Winnipeg Free Press - PRINT EDITION

Death of homeless man leaves hole in city's heart

  • Print

SASKATOON -- He was one of the most recognizable residents in Saskatoon and some people consider the Prairie city a little different now that he's gone.

Alvin Cote wasn't a well-known politician, businessman or hockey player, but a ragged, homeless alcoholic whose tough talk would easily melt into a hearty chuckle and a big smile short on teeth.

He spent that past couple of decades living in Saskatoon. He could be seen curled up on floor of a bank foyer, sleeping on park benches or reading worn copies of National Geographic in the drunk tank.

He died April 19, a few days shy of his 60th birthday.

Saskatoon police officers are still talking about his death, even though they considered it an inevitable fate. It's believed Cote had been arrested more times for public drunkenness than anyone else in the city's history. Some officers put the tally at close to 1,000.

Although his obituary does not list an official cause of death, police say Cote was in hospital with pneumonia when he died.

Downtown beat officer Const. Derek Chesney was surprised and saddened when he heard the news. He saw the man almost every day over the past five years.

"It's not often that you can arrest somebody on multiple occasions and end up being friends with them. But such was the case with Alvin," Chesney recently wrote on his official police blog, Cops and Bloggers.

The officer confesses he had a good cry after writing the online tribute. He fights back tears again as he talks on the phone about the important life lesson Cote taught him.

"You realize that people can fall through the cracks," says Chesney. "And just as much as a good person can have a bad day, things can happen to people in their lives where they end up going on a path that perhaps they didn't choose."

Cote was from the Cote First Nation in the Kamsack area, east of Saskatoon near the Manitoba boundary. He was carted off as a child to a residential school on a neighbouring reserve and suffered years of abuse, says Chesney.

He says Cote never talked about it, but the abuse likely set him on his destructive path. Cote has a sister in Saskatoon and she tried to look after Cote for a while, says Chesney. But he wouldn't stop drinking.

Chesney remembers meeting Cote for the first time in the winter of 2009 outside the old train station downtown. Chesney had just earned his badge and saw the man with a scraggly beard tapping and flexing his arms, yelling his catch-phrase: "I'm a fighter."

Chesney calmed him down by asking, "I heard you were a lover, not a fighter."

"Well, I'm that too," Cote laughed.

Chesney and his partner then put Cote in their cruiser and, as they were heading back to the police station, Cote knocked on the dividing window with $5 in his hand. He said he was hungry. Chesney ran into a McDonald's and got him two double cheeseburgers. Cote happily devoured his meal during the rest of the ride.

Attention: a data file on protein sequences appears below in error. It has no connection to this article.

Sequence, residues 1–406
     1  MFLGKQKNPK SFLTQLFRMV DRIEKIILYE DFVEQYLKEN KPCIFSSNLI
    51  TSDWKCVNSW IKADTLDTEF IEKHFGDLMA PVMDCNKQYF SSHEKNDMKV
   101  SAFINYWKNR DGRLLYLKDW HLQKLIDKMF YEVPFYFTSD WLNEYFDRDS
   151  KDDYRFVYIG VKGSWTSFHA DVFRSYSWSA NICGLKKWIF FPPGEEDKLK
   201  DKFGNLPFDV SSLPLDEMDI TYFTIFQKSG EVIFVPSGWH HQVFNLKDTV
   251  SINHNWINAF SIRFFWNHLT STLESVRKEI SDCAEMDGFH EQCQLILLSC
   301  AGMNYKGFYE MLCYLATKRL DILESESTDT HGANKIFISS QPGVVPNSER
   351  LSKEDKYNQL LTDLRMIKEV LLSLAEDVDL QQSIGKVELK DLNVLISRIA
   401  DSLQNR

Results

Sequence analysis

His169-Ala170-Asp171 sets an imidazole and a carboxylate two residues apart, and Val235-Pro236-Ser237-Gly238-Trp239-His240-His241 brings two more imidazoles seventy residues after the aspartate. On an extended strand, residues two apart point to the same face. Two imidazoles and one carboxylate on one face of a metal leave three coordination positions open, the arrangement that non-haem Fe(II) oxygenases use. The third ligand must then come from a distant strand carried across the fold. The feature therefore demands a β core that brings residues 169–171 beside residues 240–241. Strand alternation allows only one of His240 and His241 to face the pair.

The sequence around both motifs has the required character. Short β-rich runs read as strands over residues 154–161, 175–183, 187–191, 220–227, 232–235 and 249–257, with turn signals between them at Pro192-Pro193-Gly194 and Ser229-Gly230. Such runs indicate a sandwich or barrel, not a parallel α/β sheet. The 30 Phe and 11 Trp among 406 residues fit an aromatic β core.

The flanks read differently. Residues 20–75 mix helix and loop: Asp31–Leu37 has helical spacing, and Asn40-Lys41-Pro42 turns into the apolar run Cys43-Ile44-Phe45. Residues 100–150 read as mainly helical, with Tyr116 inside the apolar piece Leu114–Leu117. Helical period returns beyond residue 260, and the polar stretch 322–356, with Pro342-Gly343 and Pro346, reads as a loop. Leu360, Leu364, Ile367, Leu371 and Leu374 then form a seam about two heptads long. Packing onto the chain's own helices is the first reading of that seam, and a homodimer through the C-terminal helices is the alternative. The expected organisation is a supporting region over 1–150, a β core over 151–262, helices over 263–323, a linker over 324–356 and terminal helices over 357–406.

Chesney says he and many other officers looked out for Cote. They checked on him at night and made sure he had enough to eat. Sometimes, when Cote was hanging out on his usual bench in the public lobby of the police station, officers changing shifts would hand him their lunches as they walked by.

One time, when Cote was in detention on his birthday, staff rummaged up a cupcake and stuck a candle on top. "They actually had everybody on key and everybody else in cells sang Happy Birthday. He blew the candle out through the bars."

Chesney says he last saw Cote a few weeks before he died, sitting outside a Tim Hortons.

-- The Canadian Press

 

Republished from the Winnipeg Free Press print edition May 11, 2013 A24

Fact Check

Fact Check

Have you found an error, or know of something we’ve missed in one of our stories?
Please use the form below and let us know.

* Required
  • Please post the headline of the story or the title of the video with the error.

  • Please post exactly what was wrong with the story.

  • Please indicate your source for the correct information.

  • Yes

    No

  • This will only be used to contact you if we have a question about your submission, it will not be used to identify you or be published.

  • Cancel

Having problems with the form?

Contact Us Directly
  • Print

You can comment on most stories on winnipegfreepress.com. You can also agree or disagree with other comments. All you need to do is be a Winnipeg Free Press print or e-edition subscriber to join the conversation and give your feedback.

You can comment on most stories on winnipegfreepress.com. You can also agree or disagree with other comments. All you need to do is be a Winnipeg Free Press print or e-edition subscriber to join the conversation and give your feedback.

Have Your Say

New to commenting? Check out our Frequently Asked Questions.

Have Your Say

Comments are open to Winnipeg Free Press print or e-edition subscribers only. why?

Have Your Say

Comments are open to Winnipeg Free Press Subscribers only. why?

The Winnipeg Free Press does not necessarily endorse any of the views posted. By submitting your comment, you agree to our Terms and Conditions. These terms were revised effective April 16, 2010.

letters

Make text: Larger | Smaller

LATEST VIDEO

Preview: Sherlock Holmes and the Case of the Jersey Lily

View more like this

Photo Store Gallery

  • Goslings with some size head for cover Wednesday afternoon on Commerce Drive in Tuxedo Business Park - See Bryksa 30 Goose Challenge- Day 12- May 16, 2012   (JOE BRYKSA / WINNIPEG FREE PRESS)
  • A young goose gobbles up grass at Fort Whyte Alive Monday morning- Young goslings are starting to show the markings of a adult geese-See Bryksa 30 day goose challenge- Day 20– June 11, 2012   (JOE BRYKSA / WINNIPEG FREE PRESS)

View More Gallery Photos

Poll

Do you think e-cigarettes should be banned by the school division?

View Results

View Related Story

Ads by Google